Walmart Reports Q3 Results
Wal-Mart Stores, Inc., reported financial results for the third quarter ended October 31, 2011. Net sales for the third quarter of fiscal year 2012 were $109.5 billion, an increase of 8.2 percent from $101.2 billion in net sales in last year’s third quarter. Net sales for the quarter included $2.1 billion in sales from acquisitions in the U.K. and South Africa and a currency exchange translation benefit of $1.3 billion.
Income from continuing operations attributable to Walmart for the quarter was $3.3 billion. Diluted earnings per share from continuing operations attributable to Walmart (EPS) for the third quarter of fiscal year 2012 were $0.97. Last year’s third quarter EPS of $0.95 included a $191 million tax benefit, which was approximately $0.05 per share, related to a favorable adjustment to transfer pricing policies after negotiations with a foreign tax jurisdiction.
In the third quarter, the company repurchased $1.4 billion worth of shares, representing approximately 27 million shares. In addition, the company paid $1.3 billion in dividends.
At the end of the third quarter, Walmart had positive free cash flow of $3.4 billion, compared to $2.9 billion in the prior year. Return on investment for the trailing 12 months ended October 31, 2011, was 18.2 percent, compared to 18.6 percent for the same period during the prior year. ROI was negatively impacted primarily by the acquisitions completed in the second quarter.
Walmart International’s net sales included a $1.3 billion currency exchange rate benefit for the quarter ended October 31, 2011. On a constant currency basis, Walmart International net sales were up 15.3 percent for the third quarter compared to last year. All markets had constant currency sales growth, with China, Mexico, and Argentina providing the strongest growth in the third quarter. Acquisitions also provided a $2.1 billion benefit to net sales.
Net sales for Sam’s Club, excluding fuel, grew to $11.8 billion, an increase of 6.2 percent from last year’s third quarter results.
Sales growth comes from comparable store sales, new stores, and acquisitions. The company added 8.7 million square feet of retail space through 159 net new retail units this quarter, with 130 units coming from Walmart International. In addition, Walmart International’s total includes 77 Netto stores converted to ASDA supermarkets in the U.K.
Walmart International’s reported operating income included a currency exchange rate benefit of $48 million for the third quarter. On a constant currency basis, operating income grew 10.3 percent.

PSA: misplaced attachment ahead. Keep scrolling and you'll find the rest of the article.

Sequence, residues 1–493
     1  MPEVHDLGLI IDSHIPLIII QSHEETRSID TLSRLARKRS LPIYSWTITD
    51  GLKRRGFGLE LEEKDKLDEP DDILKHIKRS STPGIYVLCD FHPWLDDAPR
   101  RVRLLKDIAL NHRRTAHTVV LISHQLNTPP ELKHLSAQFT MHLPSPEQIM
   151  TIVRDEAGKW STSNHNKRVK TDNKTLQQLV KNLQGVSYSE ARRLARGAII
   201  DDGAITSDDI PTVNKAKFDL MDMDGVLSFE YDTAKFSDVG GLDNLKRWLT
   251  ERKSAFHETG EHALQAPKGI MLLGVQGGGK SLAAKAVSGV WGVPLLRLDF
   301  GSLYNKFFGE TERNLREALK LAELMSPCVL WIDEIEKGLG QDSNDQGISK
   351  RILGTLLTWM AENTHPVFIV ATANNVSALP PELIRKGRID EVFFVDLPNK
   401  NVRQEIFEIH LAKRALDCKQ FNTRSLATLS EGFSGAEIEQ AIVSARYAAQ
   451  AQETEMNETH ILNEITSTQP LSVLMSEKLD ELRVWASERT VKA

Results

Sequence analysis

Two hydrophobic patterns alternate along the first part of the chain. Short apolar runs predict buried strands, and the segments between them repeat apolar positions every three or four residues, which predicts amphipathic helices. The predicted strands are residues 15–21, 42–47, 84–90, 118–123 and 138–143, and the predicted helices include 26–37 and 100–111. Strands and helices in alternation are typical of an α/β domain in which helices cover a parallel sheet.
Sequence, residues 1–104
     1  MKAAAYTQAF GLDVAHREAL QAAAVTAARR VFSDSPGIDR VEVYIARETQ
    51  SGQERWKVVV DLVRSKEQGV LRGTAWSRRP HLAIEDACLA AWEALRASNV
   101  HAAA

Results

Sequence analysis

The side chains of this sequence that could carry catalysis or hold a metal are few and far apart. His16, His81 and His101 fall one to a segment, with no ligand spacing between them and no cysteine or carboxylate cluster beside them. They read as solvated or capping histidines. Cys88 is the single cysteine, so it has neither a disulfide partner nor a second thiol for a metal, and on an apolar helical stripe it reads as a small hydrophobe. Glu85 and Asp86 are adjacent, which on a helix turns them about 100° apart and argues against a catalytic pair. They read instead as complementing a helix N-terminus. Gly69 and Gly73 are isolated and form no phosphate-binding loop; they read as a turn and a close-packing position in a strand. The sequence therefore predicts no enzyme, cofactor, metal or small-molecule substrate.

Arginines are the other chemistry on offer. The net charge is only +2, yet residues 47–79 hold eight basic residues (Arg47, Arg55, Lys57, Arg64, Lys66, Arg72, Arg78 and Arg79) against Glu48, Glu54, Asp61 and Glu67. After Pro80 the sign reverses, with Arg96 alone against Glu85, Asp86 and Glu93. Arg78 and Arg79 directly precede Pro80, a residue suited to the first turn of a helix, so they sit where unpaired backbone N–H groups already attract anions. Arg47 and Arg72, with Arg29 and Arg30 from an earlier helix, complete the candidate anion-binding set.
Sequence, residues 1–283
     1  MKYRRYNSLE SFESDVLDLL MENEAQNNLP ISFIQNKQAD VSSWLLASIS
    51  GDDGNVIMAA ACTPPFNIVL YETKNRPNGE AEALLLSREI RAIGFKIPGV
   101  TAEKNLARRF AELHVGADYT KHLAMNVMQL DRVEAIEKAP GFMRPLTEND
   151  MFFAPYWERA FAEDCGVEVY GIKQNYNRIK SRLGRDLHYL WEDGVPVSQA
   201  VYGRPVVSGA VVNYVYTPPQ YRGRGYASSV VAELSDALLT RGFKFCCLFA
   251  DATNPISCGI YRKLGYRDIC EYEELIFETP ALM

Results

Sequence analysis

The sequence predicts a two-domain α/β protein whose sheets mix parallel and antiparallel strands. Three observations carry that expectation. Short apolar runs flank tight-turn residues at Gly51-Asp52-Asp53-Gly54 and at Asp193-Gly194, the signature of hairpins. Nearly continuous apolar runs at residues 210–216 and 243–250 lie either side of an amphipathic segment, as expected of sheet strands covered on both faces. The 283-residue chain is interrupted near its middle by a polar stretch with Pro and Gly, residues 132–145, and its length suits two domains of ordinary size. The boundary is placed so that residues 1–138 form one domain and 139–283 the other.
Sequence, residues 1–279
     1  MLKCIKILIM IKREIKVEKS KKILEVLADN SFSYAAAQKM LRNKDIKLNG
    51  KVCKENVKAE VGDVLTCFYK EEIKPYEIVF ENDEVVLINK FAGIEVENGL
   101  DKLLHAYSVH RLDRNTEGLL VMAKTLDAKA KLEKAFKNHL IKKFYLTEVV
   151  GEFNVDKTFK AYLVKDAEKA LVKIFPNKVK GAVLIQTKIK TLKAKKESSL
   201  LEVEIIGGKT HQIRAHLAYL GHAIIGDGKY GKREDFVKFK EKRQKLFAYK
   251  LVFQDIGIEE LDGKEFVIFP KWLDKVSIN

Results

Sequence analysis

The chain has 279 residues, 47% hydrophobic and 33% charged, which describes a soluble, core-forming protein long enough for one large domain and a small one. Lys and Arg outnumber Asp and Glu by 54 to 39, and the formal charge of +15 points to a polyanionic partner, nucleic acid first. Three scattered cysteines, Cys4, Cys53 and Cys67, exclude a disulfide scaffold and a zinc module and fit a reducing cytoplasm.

Excluding fuel, Sam’s Club operating income for the third quarter was $378 million, up 3.3 percent compared to last year’s third quarter.
Consolidated operating income for the third quarter, which included the currency exchange rate benefit, was $5.9 billion, up 4.8 percent, compared to the prior year. On a constant currency basis, consolidated operating income rose 3.9 percent to $5.8 billion.
During the 13-week period, Walmart U.S. comp sales were driven by an increase in average ticket, partially offset by a decline in traffic versus last year. However, comp traffic improved 160 basis points over the second quarter of fiscal 2012. Grocery, health and wellness, and hardlines, which represent approximately 75 percent of Walmart U.S. annual revenues, all had positive comps.
For the period from October 29, 2011, through January 27, 2012, Walmart U.S. expects comparable store sales to increase from flat to two percent. Walmart U.S. 13-week comp sales for the fourth quarter of fiscal 2011 declined 1.8 percent.
For Sam’s Club, comparable traffic and ticket, excluding fuel, were both higher than the comparable period last year and increased for both business and advantage members for the 13-week period.
Sam’s Club expects comp sales, without fuel, for the current 13-week period from October 29, 2011, through January 27, 2012, to increase between 4 percent and 6 percent. Last year, Sam’s Club comp sales, without fuel, for the fourth quarter rose 2.7 percent.
Thanksgiving Dinner Costs on the Rise
Thanksgiving is one week from today and according to the American Farm Bureau Federation (AFBF), this year’s Thanksgiving meal is expected to cost 13 percent more than last year. This year’s average meal cost for a group of 10 is $49.20. That is a $5.73 price increase from last year’s average of $43.47.
The AFBF says that its survey shopping list includes turkey, bread stuffing, sweet potatoes, rolls with butter, peas, cranberries, a relish tray of carrots and celery, pumpkin pie with whipped cream, and beverages of coffee and milk, all in quantities sufficient to serve a family of 10—and allowing for some leftovers.
The big-ticket item, which is, of course, the 16-pound turkey, is expected to cost $21.57 this year. This is an increase of 25 cents per pound from 2010.
The AFBF, which first conducted its survey in 1986, says it is meant to be an informal gauge of price trends around the nation. A total of 141 volunteer shoppers from 35 states participated in this year’s survey. Farm Bureau’s survey menu has remained unchanged since 1986 to allow for consistent price comparisons. In 1986, this same meal mentioned above cost $28.74. In 1996 it was $31.66. In 2006 the meal was $38.10.